Saturday, August 5, 2017
When we woke up this morning we were delighted to see blue skies over the campground.
We decided to hike to Bow Summit, which involved parking in the same lot as all the people visiting the Petyto Lake viewpoint and hiking up an old fire road. Peyto Lake is a HUGELY popular stop on the Icefields Parkway and the place was crawling with people. It’s about a 10 minutes walk from the parking area to the viewpoint, where there were many people and many selfie sticks. I snapped a very quick photo and then we kept moving.
This place is obviously LOVED TO DEATH. One of the signs of that are the many user trails cutting through the forest. There were dozens of them. Yeesh.
Once we left the paved trail and hopped on the old road, we quickly left the crowds behind.
The views got better and better as we climbed:
We reached a confusing “junction” where an unofficial boot path scrambled straight up the hill to a viewpoint. It looked like most people went that way, but Bow Summit was not up there, and the path looked steep, sketchy, and crumbly. We stayed on the old road and kept going.
We got a rocky area where we saw two marmots hanging out. Didn’t get the greatest photo, but here it is:
The road ends at Bow Summit, a grassy knoll where a fire lookout once stood.
The views are spectacular. This is looking north:
We sat and ate a snack here, then followed a short trail a bit further beyond the knoll to get views of Bow Lake to the south:
Looking back at Bow Summit and the views beyond:
Hiking back down:
As we hiked back down the road we spotted a pika on a rock in a big rockslide. He held still for a photo, amazingly enough!
A Clark’s Nutcracker:
Greg and I spotted a trail branching off the road to the left and heading across the meadows. It appeared to lead to that other viewpoint, the one with the steep scramble trail. This trail looked like a nicer approach so we took it.
We hadn’t seen much in the way of wildflowers so far, but that changed on this little spur trail. Yowza!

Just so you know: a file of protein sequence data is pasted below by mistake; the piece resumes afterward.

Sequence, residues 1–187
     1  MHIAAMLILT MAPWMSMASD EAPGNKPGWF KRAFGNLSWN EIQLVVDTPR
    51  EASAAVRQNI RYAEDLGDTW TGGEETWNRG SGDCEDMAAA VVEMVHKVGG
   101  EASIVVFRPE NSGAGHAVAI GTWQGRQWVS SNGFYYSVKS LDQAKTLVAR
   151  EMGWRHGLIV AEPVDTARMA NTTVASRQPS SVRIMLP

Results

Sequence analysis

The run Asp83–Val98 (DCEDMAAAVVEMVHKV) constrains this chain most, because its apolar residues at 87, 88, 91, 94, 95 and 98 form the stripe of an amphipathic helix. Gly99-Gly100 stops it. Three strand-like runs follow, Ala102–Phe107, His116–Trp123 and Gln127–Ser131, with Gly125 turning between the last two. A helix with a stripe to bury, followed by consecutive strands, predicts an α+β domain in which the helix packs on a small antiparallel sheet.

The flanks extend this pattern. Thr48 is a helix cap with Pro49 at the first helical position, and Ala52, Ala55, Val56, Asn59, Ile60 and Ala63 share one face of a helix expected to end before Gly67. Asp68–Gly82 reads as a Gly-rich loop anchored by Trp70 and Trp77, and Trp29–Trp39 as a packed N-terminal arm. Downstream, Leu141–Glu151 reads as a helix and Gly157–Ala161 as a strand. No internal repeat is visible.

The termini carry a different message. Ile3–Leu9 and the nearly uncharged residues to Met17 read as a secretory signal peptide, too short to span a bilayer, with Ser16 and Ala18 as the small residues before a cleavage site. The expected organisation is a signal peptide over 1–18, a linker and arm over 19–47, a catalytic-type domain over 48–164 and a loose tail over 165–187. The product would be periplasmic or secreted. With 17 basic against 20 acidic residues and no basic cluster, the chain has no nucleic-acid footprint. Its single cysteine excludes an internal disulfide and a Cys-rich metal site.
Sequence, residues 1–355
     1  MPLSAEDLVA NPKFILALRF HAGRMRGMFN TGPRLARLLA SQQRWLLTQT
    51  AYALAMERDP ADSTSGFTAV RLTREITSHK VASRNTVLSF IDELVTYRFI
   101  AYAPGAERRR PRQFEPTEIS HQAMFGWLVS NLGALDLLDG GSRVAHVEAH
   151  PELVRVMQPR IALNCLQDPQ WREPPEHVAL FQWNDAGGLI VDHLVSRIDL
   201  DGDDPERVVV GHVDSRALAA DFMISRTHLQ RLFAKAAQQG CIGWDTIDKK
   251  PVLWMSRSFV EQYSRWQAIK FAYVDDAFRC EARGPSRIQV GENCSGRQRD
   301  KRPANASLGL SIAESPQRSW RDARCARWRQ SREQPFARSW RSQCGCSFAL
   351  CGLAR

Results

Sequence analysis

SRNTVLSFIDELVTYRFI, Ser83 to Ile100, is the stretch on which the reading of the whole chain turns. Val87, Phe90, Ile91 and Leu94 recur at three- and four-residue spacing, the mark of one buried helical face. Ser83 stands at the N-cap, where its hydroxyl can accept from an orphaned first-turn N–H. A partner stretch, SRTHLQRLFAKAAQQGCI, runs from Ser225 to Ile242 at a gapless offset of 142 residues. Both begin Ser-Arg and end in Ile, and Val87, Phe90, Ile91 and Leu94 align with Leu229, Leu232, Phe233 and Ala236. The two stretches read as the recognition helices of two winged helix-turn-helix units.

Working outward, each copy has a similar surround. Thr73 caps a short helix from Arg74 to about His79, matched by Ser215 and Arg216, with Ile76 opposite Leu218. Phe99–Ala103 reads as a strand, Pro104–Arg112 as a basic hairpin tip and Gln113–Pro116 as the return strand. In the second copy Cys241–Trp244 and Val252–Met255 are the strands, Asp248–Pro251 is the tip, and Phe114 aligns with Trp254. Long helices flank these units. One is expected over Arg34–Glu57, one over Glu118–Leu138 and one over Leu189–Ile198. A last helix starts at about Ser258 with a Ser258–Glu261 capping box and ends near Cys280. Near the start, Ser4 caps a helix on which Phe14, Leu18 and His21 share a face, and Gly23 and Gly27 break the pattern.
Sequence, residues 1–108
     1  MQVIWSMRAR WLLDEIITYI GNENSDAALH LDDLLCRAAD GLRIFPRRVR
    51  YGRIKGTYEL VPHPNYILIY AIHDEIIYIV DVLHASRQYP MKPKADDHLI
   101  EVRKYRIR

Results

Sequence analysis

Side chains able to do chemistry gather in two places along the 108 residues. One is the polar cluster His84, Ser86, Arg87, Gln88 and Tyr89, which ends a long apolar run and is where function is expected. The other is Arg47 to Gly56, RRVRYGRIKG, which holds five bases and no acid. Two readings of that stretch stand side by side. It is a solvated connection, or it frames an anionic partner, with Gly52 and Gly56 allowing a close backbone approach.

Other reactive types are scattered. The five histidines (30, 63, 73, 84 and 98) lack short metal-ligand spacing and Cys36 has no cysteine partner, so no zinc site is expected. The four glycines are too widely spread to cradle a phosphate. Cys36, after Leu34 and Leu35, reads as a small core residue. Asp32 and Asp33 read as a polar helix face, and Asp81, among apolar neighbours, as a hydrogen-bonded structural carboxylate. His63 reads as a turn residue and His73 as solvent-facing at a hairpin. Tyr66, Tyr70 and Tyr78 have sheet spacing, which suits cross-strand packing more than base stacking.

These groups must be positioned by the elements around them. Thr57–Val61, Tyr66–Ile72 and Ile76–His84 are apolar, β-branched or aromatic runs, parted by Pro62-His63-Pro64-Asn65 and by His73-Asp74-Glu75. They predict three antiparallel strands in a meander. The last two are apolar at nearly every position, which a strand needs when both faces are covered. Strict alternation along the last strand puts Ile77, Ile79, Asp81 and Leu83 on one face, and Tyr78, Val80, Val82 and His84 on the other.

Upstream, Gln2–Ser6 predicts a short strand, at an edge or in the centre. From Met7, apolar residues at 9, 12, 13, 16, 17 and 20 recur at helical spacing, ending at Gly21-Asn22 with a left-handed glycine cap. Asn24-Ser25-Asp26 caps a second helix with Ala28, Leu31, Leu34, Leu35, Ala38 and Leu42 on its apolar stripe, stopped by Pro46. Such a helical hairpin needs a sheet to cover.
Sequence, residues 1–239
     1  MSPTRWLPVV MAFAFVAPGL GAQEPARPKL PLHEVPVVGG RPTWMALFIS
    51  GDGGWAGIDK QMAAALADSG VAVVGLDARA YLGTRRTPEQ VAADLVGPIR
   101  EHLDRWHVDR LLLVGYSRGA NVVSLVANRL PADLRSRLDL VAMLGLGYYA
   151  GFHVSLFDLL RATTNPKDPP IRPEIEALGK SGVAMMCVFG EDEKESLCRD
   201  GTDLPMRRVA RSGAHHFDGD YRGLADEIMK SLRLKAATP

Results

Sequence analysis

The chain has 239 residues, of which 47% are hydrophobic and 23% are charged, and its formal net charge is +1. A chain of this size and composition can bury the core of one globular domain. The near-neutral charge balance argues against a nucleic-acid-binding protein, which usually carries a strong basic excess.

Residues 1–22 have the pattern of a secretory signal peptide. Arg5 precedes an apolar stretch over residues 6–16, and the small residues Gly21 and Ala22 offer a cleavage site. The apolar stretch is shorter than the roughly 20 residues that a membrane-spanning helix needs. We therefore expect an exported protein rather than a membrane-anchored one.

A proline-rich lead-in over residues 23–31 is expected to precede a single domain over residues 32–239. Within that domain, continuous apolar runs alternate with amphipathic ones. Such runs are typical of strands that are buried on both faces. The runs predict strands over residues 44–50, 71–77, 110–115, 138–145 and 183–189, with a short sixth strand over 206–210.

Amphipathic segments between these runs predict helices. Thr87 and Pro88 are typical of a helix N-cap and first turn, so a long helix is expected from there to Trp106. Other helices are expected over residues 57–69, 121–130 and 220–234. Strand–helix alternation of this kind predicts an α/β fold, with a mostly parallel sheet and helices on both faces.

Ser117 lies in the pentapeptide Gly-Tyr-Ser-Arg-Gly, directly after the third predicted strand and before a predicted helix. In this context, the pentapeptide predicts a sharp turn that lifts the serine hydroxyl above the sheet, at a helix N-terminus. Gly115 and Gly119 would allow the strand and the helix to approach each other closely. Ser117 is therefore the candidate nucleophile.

The trail ended at a huge rocky area where lots of people had erected rock stacks. People, please don’t do this! At the far end of the rocky area was a viewpoint overlooking Petyo Lake. This was a much nicer way to view the beautiful lake than from the crowded viewing deck far below!
We could see the alluvial fan at the inlet end of the lake:
We retraced our steps back to the road and followed it down.
There were even more cars in the lot than there had been several hours earlier. We headed south to Bow Lake. We had originally thought about doing a second hike today, to Bow Falls. But we decided to just hang out by the lake instead. We managed to snag a parking spot, then headed to Num-Ti-Jah Lodge to check out the gift shop (ahem, “trading post”). The lodge was built by hunter and trapper Jimmy Simpson. It is pronounced “numm-TAH-zjah” and is a Stoney expression for the pine marten. The lodge is still in operation today and you can pay a lot of money to stay in one of the rooms.
The gift shop was playing the most dreadful soft rock music. Blech! We did not linger and got the hell out of there. It was much nicer down by the lake. The people-watching was fascinating, especially as tour buses came and went. One woman was wearing a turtleneck sweater despite the relatively warm day. Another woman was dressed very nicely, like she was going out for a nice evening, including nice dress shoes. Lots of people had new-looking hiking boots or sneakers. We ate snacks, read, and chilled out. It was nice.
At the campground that night I got a few nice shots of Mosquito Creek, which really is quite pleasant.